Technical data – Servo Motors

Technical Data – Servo Motors

A servo is an automatic device that uses error-sensing feedback to correct the performance of a mechanism. The term correctly applies only to systems where the feedback or error-correction signals help control mechanical position or other parameters.

A common type of servo provides position control . Servos are commonly electrical using an electric motor as the primary means of creating mechanical force . Usually, servos operate on the principle of negative feedback , where the control input is compared to the actual position of the mechanical system as measured by some sort of transducer at the output. Any difference between the actual and wanted values (an “error signal”) is amplified and used to drive the system in the direction necessary to reduce or eliminate the error.

Feedback from the motor is typically via encoders or less commonly resolvers. However, with a motion control system, there may be multiple position inputs that govern the commands sent to the motors. One example is in precision linear positioning, where position data may be collected from linear scales, optical detection of load position and so forth. Indeed, one of Delta Tau’s strengths in this field is the ability to handle large amounts of positional data in near real-time – thereby delivering machine builders not just accuracy, but also speed.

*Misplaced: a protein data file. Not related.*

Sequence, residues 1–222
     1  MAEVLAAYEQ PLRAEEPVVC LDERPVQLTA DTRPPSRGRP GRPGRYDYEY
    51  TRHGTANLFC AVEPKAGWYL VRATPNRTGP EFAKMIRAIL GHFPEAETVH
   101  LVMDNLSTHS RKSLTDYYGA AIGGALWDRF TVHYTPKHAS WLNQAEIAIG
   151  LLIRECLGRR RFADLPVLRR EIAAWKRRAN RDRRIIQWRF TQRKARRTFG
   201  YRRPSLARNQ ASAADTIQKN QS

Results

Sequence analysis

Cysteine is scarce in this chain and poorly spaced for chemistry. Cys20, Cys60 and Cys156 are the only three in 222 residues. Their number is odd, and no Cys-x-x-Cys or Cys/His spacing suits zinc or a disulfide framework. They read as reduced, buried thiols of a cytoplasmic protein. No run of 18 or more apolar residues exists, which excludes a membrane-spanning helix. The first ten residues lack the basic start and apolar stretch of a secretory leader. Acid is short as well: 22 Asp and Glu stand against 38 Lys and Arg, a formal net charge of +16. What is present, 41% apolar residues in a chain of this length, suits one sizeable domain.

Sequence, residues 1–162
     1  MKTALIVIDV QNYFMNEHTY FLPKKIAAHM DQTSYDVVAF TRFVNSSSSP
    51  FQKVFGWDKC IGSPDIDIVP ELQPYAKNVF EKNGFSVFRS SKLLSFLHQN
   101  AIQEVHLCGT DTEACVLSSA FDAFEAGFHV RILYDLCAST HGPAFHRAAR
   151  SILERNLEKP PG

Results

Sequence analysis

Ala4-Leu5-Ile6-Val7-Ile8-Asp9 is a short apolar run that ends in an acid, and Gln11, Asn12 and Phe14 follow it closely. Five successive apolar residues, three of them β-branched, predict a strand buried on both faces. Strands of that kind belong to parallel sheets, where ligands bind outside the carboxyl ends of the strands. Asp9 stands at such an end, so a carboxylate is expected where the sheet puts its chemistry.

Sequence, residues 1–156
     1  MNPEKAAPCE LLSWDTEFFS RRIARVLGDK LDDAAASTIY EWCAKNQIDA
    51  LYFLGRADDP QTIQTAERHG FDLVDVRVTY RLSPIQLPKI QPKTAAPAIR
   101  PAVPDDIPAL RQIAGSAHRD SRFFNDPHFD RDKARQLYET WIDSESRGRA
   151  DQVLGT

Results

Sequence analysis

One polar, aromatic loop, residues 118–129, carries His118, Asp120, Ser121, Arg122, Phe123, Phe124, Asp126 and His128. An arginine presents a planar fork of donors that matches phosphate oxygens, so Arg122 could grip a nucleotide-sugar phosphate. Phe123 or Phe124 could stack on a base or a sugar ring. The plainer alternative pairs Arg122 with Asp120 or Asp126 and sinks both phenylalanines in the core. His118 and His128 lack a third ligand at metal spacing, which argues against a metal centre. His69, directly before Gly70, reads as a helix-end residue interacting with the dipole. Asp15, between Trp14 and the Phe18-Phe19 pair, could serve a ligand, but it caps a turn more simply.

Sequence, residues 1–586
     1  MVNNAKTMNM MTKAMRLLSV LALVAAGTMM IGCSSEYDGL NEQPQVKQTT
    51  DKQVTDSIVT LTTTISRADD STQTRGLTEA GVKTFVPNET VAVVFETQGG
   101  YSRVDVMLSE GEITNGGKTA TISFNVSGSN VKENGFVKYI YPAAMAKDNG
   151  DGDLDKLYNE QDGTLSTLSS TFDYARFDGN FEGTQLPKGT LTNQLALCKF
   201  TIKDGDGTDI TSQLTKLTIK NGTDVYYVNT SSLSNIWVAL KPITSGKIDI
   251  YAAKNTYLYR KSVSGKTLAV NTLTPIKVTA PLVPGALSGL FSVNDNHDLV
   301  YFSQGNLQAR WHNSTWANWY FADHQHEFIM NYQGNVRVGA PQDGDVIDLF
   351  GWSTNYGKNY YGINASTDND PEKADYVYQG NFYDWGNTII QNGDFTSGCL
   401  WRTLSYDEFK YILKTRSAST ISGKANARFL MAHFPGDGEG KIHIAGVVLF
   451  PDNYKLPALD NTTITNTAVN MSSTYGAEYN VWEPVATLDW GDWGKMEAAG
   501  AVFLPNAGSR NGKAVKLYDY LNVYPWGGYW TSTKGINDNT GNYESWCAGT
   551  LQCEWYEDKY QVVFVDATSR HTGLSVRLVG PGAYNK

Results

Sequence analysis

Servo motion was once the domain only of precision machinery such as machine tools and packaging machines. However, price reductions and a simplification of the motor controls has seen the use of servo technology extend somewhat. For example, many autofocus cameras also use a servomechanism to accurately move the lens, and thus adjust the focus. A modern hard disk drive has a magnetic servo system with sub-micron positioning accuracy.

Typical servos give a rotary (angular) output. Linear types are common as well, using a screw thread or a linear motor to give linear motion.

In industrial machines, servos are used to perform complex motion and come in both AC and DC variants. Delta Tau controls are fundamentally suited to both AC and DC servo motor control.